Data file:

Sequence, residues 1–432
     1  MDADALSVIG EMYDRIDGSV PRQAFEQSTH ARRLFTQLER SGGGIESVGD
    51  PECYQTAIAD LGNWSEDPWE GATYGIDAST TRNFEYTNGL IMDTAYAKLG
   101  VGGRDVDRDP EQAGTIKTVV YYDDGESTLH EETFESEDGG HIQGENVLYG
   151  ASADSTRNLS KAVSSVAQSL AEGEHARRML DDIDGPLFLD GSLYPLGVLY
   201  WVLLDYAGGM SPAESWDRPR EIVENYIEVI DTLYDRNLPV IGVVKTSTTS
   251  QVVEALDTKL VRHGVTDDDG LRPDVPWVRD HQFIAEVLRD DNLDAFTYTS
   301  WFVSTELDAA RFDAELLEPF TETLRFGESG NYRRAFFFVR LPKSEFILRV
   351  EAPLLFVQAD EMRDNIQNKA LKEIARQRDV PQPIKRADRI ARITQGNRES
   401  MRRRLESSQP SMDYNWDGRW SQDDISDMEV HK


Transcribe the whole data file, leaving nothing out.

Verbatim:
Sequence, residues 1–432
     1  MDADALSVIG EMYDRIDGSV PRQAFEQSTH ARRLFTQLER SGGGIESVGD
    51  PECYQTAIAD LGNWSEDPWE GATYGIDAST TRNFEYTNGL IMDTAYAKLG
   101  VGGRDVDRDP EQAGTIKTVV YYDDGESTLH EETFESEDGG HIQGENVLYG
   151  ASADSTRNLS KAVSSVAQSL AEGEHARRML DDIDGPLFLD GSLYPLGVLY
   201  WVLLDYAGGM SPAESWDRPR EIVENYIEVI DTLYDRNLPV IGVVKTSTTS
   251  QVVEALDTKL VRHGVTDDDG LRPDVPWVRD HQFIAEVLRD DNLDAFTYTS
   301  WFVSTELDAA RFDAELLEPF TETLRFGESG NYRRAFFFVR LPKSEFILRV
   351  EAPLLFVQAD EMRDNIQNKA LKEIARQRDV PQPIKRADRI ARITQGNRES
   401  MRRRLESSQP SMDYNWDGRW SQDDISDMEV HK